Tuesday, November 22, 2011

(Belated) Birthday Boy

When you're pregnant with your second child, everyone tells you not to worry about not having enough love for everyone involved – your capacity to love just increases. And while that is mostly true, the things that don't expand are your time and energy. It is trickier to have the time needed to build relationships with everyone involved. My poor sweet Elliot is so accommodating, but sometimes I mourn the fact I can't give him the full force of my mother love like I could during Emily's first year of life. I think it is better for both of them to be more self reliant, but I still know it is a different bond.

Elliot's birthday has come and gone. I wrote my birthday letter to him in his journal on time, but I don't have a blog post marking this milestone. And with comparisons cropping up again, I also don't have the string of “falling in love with motherhood” kinds of posts with him that I did with Emily. So here's a post in praise of the little man.

Elliot is a patient and good-natured little guy. He forcefully lets me know his needs, but moves on quickly if I can't accommodate them. He puts himself to sleep (score!), and plays very well by himself. His favorite thing in the world is to be included. He loves being a part of family games and activities, even if he doesn't quite understand them. He also loves ducks. I recognized his saying “duck” before I recognized him saying mama (his application of “mama” is a lot more liberal than his use of “duck”). I've seldom seen him more enthralled than when we were walking home from the park a few days ago, and there were a dozen ducks in the pond. He giggled and pointed and reiterated “Uck! Uck! Uck!” We sat by the pond for a good fifteen minutes, and only left because it was getting dark. He eats everything. It is great when I'm trying to feed him dinner, but a problem when Emily moves the couch cushions. He loves to climb. His ability to climb surpasses his sense of what to not flop backwards off of, so it keeps me on my toes (how do babies live to adulthood?). He loves to climb over me and grab my nose. He hates when people close doors, especially if they are keeping him out of something.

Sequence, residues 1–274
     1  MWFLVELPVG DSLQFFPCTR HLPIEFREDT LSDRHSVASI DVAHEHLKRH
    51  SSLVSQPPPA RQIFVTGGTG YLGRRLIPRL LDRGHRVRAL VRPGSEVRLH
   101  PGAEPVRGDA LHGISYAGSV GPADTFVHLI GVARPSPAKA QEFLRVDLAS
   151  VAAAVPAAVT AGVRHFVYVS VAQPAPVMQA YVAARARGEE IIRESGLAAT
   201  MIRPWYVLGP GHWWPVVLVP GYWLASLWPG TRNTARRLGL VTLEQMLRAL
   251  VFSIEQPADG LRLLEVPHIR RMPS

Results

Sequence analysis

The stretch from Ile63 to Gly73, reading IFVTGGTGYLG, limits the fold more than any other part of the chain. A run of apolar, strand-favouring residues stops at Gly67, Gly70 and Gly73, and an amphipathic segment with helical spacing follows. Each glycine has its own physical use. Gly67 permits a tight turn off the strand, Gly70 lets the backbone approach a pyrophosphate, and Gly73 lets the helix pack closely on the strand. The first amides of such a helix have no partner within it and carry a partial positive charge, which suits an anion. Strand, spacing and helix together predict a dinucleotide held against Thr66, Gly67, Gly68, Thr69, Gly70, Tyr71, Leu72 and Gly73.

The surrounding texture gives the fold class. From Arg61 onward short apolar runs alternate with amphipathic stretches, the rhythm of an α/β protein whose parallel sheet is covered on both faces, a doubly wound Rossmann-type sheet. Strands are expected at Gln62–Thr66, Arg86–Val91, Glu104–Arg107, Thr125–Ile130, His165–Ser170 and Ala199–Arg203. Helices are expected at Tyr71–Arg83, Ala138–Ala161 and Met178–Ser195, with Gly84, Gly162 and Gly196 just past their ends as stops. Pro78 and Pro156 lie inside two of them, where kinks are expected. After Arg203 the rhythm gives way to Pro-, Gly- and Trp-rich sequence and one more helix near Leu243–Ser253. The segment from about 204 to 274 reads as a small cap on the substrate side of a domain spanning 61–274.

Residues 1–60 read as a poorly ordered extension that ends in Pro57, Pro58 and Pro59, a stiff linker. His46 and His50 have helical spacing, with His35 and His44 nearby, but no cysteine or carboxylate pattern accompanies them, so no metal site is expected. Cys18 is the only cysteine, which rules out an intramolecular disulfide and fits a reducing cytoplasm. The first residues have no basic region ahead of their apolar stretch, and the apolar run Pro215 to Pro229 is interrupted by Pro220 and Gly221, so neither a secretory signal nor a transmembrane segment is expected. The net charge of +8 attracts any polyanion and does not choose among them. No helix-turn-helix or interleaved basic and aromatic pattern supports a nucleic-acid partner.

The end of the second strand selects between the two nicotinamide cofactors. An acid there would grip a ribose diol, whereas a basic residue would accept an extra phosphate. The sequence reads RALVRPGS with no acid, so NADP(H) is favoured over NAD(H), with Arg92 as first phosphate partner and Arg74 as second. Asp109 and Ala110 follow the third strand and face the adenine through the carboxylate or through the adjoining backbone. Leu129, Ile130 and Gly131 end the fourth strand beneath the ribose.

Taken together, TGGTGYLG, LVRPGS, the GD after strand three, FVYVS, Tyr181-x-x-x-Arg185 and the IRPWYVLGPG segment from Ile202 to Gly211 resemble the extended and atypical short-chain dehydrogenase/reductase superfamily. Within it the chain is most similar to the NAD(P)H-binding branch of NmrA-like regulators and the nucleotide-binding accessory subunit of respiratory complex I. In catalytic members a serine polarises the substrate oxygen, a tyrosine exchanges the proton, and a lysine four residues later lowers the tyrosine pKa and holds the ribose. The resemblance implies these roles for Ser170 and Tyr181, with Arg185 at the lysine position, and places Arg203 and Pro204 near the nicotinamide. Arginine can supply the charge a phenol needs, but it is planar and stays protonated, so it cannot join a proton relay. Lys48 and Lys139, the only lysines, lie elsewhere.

Happy belated birthday, little buddy.

Wednesday, November 9, 2011


I didn't vote yesterday. I blame it on the beans.

I take voting seriously. The feminist in me recognizes that a century ago, I couldn't have voted in my state, and that there are plenty of women now around the world that can't do it. The Mormon in me wants to be an involved citizen. And the idealist in me believes in the political process, despite its weaknesses and frequent ugliness. When I vote, I'm not a party line kind of girl, and I've researched every candidate and initiative on the ballot. Not enough to write books on them, but still. I weigh each candidate individually, measuring their strengths and weaknesses against the problems I feel matter most that particular election cycle.

That said, I've only voted in elections on even years. Up until this year, it hasn't been because I was lazy. I've just been so transient that it hasn't felt right for me to vote in local elections. If I don't have kids, is it really my place to vote for the school board? I may love the state parks in Indiana and support increasing taxes to better maintain them, but I would only be paying that increase for one year until I moved again. Voting on community issues felt unfair because it wasn't my community. So I voted on community issues on even years because I couldn't help myself if I was already in the booth, but stayed away on odd years.